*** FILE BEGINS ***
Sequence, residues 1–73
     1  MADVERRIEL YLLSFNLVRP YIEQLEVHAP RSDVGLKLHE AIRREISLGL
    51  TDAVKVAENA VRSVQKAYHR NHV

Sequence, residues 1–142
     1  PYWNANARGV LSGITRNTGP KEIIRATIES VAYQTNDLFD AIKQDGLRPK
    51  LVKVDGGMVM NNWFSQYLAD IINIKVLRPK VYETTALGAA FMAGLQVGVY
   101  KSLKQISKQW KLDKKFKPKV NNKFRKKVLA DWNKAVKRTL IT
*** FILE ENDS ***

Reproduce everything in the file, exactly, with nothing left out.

Sequence, residues 1–73
     1  MADVERRIEL YLLSFNLVRP YIEQLEVHAP RSDVGLKLHE AIRREISLGL
    51  TDAVKVAENA VRSVQKAYHR NHV

Sequence, residues 1–142
     1  PYWNANARGV LSGITRNTGP KEIIRATIES VAYQTNDLFD AIKQDGLRPK
    51  LVKVDGGMVM NNWFSQYLAD IINIKVLRPK VYETTALGAA FMAGLQVGVY
   101  KSLKQISKQW KLDKKFKPKV NNKFRKKVLA DWNKAVKRTL IT